I did some digging and saw that those devices don't actually go into Sleep Mode but rather into Connected Standby which trigger different IDs. I have 2 Tasks set to help by having one launch ThrottleStop on login and resume (Kernel-Power event ID 507) and one set to taskkill it on event 506. The issue is sometimes the program doesn't get killed in time causing the tablet to still crash.

The question comes down to, is ThrottleStop's Zero Voltage option configured to take into account CS and if not, would you mind adding it to see if it fixes the crashing for all of us with CS-enabled devices? (That way we don't have to disable CS)

Cheers,
Shriukan
 

unclewebb

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@Shriukan - I do not think that ThrottleStop's Zero Voltage Option takes into account Connected Standby. I do not own a device that uses connected standby so I have no way to test and develop this feature to make sure that it properly supports CS.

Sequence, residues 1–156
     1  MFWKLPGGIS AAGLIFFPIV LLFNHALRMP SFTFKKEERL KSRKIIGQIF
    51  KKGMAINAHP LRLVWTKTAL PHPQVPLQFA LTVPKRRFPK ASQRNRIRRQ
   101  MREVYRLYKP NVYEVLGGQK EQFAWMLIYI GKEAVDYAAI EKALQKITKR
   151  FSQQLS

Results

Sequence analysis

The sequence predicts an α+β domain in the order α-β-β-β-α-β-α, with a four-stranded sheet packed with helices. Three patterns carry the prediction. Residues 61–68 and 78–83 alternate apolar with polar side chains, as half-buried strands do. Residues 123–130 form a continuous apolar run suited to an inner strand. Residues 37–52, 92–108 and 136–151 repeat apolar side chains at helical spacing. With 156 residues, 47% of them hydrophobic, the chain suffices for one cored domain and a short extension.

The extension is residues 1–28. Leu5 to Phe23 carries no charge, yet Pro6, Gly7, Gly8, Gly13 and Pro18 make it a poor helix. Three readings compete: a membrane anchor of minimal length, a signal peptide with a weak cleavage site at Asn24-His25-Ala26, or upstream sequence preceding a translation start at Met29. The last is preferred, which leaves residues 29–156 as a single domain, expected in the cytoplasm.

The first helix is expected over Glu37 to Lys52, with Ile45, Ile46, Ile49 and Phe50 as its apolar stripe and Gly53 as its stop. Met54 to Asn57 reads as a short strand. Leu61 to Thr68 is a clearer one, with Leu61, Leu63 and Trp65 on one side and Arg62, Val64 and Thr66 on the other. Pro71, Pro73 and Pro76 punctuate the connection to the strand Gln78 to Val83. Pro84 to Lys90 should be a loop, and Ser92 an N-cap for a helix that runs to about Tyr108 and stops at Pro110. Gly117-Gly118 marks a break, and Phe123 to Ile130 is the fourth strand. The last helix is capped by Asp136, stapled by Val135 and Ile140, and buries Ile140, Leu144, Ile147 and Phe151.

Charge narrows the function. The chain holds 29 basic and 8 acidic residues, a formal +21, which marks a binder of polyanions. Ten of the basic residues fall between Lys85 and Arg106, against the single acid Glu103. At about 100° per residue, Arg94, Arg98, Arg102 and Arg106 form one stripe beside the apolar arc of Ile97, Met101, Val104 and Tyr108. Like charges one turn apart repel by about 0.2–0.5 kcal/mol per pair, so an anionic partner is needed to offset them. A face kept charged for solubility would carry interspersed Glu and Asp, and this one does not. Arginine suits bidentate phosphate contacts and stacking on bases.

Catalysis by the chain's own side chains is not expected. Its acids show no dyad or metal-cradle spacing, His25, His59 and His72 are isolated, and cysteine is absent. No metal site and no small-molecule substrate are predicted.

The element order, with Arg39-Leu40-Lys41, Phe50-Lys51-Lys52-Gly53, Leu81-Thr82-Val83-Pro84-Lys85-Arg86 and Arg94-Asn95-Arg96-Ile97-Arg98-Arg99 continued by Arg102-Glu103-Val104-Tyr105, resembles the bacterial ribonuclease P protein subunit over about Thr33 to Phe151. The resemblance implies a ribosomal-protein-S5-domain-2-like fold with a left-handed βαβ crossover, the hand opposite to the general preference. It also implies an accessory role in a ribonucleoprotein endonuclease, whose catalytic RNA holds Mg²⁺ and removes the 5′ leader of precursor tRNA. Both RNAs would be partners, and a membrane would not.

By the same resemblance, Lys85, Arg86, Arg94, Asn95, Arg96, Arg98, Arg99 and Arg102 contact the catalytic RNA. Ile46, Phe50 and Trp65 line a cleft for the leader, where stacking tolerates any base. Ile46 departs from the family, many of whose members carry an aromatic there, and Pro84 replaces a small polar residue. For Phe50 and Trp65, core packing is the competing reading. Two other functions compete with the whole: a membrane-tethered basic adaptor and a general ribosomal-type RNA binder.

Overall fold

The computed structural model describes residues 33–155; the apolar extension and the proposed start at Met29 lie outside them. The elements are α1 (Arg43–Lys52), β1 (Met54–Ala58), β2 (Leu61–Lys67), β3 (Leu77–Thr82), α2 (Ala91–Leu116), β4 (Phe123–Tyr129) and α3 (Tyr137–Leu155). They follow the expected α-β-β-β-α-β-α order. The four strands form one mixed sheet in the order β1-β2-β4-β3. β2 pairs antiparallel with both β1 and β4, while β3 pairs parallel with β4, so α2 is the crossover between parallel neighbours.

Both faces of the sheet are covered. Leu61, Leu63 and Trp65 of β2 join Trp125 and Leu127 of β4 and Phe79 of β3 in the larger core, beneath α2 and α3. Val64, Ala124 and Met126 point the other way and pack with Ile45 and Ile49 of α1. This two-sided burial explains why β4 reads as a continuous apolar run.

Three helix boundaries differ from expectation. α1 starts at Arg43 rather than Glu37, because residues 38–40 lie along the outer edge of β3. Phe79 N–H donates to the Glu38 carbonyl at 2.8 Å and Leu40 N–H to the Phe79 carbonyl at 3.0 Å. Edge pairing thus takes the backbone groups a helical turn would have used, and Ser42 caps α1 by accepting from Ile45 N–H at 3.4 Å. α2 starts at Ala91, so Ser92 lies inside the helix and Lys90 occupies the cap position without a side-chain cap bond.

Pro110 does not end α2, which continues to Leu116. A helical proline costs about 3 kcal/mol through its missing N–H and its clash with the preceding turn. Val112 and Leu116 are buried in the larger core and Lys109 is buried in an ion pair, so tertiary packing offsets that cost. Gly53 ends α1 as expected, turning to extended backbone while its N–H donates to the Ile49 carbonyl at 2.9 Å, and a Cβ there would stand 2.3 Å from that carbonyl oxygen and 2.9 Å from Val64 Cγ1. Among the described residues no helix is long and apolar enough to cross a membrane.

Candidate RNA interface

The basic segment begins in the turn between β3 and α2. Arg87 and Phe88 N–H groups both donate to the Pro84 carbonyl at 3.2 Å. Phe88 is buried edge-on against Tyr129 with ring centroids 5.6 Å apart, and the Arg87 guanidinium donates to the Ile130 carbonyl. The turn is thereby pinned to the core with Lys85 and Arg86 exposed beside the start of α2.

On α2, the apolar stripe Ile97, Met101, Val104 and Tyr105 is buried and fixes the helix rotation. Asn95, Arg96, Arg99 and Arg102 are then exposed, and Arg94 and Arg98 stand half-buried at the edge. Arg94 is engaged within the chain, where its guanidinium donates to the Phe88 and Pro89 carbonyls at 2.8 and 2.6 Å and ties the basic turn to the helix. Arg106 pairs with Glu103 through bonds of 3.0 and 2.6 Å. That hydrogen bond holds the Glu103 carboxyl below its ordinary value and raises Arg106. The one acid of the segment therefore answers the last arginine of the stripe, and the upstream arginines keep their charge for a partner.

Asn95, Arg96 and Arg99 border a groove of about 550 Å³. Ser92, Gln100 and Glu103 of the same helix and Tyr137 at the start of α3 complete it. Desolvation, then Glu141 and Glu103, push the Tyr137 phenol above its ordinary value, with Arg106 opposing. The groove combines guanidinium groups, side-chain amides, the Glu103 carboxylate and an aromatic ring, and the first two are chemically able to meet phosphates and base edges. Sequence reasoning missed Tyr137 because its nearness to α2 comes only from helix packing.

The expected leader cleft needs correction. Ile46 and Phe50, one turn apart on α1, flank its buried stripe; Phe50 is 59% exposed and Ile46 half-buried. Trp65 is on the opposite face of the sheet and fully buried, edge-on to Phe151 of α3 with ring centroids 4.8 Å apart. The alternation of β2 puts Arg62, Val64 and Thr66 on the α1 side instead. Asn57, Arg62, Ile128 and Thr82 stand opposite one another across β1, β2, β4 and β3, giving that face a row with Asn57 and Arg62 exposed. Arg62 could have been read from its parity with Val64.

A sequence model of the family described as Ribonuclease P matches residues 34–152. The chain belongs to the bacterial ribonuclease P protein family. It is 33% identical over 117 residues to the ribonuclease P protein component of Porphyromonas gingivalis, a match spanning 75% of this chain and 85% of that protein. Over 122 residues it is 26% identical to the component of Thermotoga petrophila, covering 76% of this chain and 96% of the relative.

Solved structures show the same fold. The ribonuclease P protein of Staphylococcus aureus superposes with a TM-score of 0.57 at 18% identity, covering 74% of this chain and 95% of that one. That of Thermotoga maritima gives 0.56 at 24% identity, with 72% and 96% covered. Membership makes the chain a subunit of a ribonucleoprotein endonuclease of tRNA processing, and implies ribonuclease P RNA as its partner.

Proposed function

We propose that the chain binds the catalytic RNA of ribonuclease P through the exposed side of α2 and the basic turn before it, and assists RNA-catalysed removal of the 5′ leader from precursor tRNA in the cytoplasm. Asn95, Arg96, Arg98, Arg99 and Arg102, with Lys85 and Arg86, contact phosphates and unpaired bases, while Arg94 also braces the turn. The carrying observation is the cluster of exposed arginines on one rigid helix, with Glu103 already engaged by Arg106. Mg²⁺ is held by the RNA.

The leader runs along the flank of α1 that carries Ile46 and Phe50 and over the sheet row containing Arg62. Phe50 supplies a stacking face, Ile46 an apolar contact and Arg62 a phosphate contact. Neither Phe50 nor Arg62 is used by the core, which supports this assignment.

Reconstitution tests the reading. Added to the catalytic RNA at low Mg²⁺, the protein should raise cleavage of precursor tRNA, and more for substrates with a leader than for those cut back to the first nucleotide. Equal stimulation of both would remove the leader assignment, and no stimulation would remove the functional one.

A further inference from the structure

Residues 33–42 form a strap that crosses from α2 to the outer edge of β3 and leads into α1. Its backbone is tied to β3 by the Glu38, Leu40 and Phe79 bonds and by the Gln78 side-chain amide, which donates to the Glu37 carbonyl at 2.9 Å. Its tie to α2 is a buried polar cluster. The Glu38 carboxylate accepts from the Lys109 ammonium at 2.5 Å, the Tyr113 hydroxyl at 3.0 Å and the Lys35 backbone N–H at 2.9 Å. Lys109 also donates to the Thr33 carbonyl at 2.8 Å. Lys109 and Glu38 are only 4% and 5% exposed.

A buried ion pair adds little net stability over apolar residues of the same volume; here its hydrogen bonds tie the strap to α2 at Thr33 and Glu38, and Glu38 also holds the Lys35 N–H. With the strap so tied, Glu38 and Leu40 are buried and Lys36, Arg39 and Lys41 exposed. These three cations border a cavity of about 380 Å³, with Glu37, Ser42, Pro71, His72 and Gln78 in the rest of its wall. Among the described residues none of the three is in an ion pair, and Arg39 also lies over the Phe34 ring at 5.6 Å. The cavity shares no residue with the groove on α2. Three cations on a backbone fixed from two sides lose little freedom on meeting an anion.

What are your undervolt settings? Some people having trouble are using offset voltages that are not 100% stable. Can you pass a 1 or 2 thread TS Bench test with 0 errors? Are you undervolting both the CPU and the Intel GPU? If you are undervolting both of these, try undervolting only one of these at a time to see if it makes a difference. Try to isolate what is causing the problem. Try backing your undervolt off -10 mV or -20 mV. If you are undervolting by -100 mV, use -90 mV or -80 mV and see if that makes a difference.